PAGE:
PHP has become the most popular application language on the web, but common security mistakes by developers are giving PHP a bad name. Here's how PHP coding errors have become the new low-hanging fruit for attackers, contributing to the phishing problems on the web.
Best known for its data replication technology, Double-Take Software has jumped into the snapshot business by adding the ability to replicate system state as well. It said that its Server Recovery Option allows it to recover an entire Windows server either to a real-time image or to a snapshot of its state at any time in the past.
Apple announced a 40GB digital video player this week, but it also told us about a radical upgrade to its Wi-Fi product line, taking early adoption of the as yet incomplete 802.11n standard and offering it with MIMO (using multiple dynamic antennas) which can stream video wirelessly through the home without the risk of major interruptions.
President Bush faces a congressional challenge to his veto on the use of human embryos in stem cell research on Thursday.
Adobe has fixed a security vulnerability in its Reader software that created a mechanism for hackers to commandeer vulnerable systems.
Selected Microsoft partners have been given access to the next major edition of Microsoft's customer relationship management (CRM) software, taking it into hosted territory for the first time.
NCR has slashed 650 jobs at its manufacturing plant in Dundee so it can move production of its cash points and registers to cheaper overseas factories.
I can still remember the wow factor when first seeing a copy of Knoppix booting up on a Windows machine. It was many moons again and the idea of a bootable Linux CD seemed strangely miraculous.
German police have arrested over 300 people in ten different states after detectives analysed credit card transactions from 22m customers.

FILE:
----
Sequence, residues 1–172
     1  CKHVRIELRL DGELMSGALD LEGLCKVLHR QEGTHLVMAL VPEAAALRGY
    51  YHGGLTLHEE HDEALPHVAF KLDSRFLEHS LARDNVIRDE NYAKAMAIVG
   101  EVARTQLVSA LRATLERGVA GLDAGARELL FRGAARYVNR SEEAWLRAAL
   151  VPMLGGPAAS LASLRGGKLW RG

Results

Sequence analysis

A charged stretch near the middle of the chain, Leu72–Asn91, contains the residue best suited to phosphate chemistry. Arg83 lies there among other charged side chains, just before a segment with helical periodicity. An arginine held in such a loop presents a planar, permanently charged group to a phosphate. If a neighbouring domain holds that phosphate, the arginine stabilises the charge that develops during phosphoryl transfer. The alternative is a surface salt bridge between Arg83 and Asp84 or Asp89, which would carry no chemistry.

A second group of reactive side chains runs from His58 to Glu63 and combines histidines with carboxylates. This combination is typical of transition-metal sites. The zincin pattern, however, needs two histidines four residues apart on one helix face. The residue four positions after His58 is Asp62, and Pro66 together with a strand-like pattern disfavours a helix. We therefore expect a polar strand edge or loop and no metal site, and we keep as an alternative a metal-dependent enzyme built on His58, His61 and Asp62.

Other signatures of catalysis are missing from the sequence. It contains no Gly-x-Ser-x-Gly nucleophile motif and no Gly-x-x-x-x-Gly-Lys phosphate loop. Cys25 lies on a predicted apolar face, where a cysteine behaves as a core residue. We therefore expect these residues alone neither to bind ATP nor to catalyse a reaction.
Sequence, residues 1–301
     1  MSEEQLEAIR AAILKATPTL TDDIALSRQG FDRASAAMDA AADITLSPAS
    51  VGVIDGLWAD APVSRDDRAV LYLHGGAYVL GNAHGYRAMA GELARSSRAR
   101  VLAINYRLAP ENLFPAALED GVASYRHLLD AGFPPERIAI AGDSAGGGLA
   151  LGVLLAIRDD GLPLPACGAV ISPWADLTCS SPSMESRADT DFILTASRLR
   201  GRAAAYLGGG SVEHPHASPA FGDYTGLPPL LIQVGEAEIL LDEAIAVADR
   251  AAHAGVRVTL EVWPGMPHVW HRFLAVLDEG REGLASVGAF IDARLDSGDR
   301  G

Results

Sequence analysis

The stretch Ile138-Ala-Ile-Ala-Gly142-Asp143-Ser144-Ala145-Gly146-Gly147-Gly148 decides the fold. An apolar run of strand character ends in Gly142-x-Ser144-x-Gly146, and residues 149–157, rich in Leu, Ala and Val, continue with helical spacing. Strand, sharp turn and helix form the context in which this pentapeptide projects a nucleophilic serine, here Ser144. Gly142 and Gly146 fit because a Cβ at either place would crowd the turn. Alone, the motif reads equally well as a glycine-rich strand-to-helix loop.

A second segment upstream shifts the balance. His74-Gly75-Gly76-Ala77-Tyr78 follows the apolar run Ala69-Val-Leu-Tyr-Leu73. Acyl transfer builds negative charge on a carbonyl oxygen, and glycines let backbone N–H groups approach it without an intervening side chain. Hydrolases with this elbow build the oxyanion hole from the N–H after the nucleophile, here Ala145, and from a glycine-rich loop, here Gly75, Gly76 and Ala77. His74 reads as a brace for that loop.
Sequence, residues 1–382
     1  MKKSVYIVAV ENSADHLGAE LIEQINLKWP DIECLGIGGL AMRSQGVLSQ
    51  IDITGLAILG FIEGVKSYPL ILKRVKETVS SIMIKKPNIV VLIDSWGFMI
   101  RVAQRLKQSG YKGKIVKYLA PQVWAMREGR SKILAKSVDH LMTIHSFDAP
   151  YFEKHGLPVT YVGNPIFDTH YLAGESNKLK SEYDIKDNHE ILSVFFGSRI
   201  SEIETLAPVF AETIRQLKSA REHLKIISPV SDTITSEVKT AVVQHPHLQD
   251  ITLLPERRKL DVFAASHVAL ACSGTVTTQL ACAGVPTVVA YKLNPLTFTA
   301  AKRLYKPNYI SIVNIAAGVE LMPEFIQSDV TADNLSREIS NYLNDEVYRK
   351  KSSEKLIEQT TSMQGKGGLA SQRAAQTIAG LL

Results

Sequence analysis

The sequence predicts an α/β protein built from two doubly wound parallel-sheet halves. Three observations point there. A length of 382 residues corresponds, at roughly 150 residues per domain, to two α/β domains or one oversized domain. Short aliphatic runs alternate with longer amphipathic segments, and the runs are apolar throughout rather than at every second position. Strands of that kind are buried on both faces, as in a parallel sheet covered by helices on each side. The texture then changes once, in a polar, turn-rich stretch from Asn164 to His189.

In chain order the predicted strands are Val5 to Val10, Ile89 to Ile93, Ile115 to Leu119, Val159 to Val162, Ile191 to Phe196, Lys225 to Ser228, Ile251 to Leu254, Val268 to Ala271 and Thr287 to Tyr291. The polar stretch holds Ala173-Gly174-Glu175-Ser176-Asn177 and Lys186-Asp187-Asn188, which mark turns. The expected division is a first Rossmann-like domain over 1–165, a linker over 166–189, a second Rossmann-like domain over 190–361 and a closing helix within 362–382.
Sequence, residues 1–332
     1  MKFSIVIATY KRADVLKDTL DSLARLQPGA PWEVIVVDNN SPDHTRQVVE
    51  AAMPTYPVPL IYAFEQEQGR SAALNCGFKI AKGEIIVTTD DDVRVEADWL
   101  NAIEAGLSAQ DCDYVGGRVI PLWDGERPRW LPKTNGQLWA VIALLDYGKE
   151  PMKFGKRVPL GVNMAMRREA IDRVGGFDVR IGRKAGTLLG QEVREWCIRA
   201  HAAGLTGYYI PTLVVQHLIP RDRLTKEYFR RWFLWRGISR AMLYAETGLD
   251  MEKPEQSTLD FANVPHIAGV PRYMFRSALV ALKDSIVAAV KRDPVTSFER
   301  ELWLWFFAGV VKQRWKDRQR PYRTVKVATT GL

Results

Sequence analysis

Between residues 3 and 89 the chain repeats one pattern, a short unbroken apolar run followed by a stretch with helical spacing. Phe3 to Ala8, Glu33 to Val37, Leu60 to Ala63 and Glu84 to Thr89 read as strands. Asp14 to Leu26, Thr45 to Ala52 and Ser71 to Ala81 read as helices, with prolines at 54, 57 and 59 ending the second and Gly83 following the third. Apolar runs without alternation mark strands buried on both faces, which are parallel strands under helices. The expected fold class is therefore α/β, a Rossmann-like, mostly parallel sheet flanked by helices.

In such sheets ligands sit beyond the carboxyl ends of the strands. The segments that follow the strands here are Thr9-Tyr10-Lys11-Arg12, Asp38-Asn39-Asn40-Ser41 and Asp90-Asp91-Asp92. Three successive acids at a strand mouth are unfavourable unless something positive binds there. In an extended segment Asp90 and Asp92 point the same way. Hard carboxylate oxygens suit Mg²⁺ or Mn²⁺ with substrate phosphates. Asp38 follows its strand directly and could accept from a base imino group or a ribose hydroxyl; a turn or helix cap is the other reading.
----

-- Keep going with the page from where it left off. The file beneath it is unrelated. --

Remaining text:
India has made its space-going intentions clear early in 2007, with the launch of four satellites atop a single rocket.
VeriSign's iDefense unit is offering an $8,000 bounty to researchers who discover previously undocumented vulnerabilities in either Windows Vista or IE7.
It seems even elementary particles resolve to lose weight* in the new year. A new calculation of the mass of the W particle (instrumental in radioactive decay) suggests that it is lighter than scientists had thought up until now.
CES 2007 Shure has launched its latest line of pro-quality in-the-ear noise isolation earphones, pitching the range's superior sound reproduction and lower prices than its current E series line-up.
IBM surpassed itself by winning more patents last year than anyone else. Announcing the record haul, it called today for "sensible" patent reform.
A teacher whose classroom PC displayed pornographic images to school children faces up to 40 years imprisonment.
SGI's rebirth won't be a Linux-only affair. The hardware maker today revealed plans to ship Microsoft's fancy cluster operating system with its servers.
By following his demonic uncle Screwpole’s advice, devil initiate Mugwort has had much success in eroding the quality of his victim’s payment engine project and has written an excited e-mail to his uncle. Here is Screwpole’s reply…
The UK government has eased the pressure on children to learn IT skills and considered using them as an example for other subjects, including Maths and English.
CES 2007 Creative is set to bring its iPod-friendly wireless music and dock accessories to the UK this spring, the company told Reg Hardware after launching the line-up in the US at the Consumer Electronics Show.
Almost 300 of SAS Institute's European staff are to be disbanded this quarter, as the business intelligence and analytics company closes its EMEA HQ.
Apple CEO Steve Jobs has suffered another setback in his five-year attempt to raze his 17,000-square-foot mansion so he can build something smaller.
Two New Jersey teens have been accused by police of illegally tapping in to a school computer to change grades.
ExclusiveApple appears unable to "think different" on the cell phone front. First the computer maker nicked the iPhone name for the actual device from Cisco, and now we find it's grabbed an application name from poor old Citrix.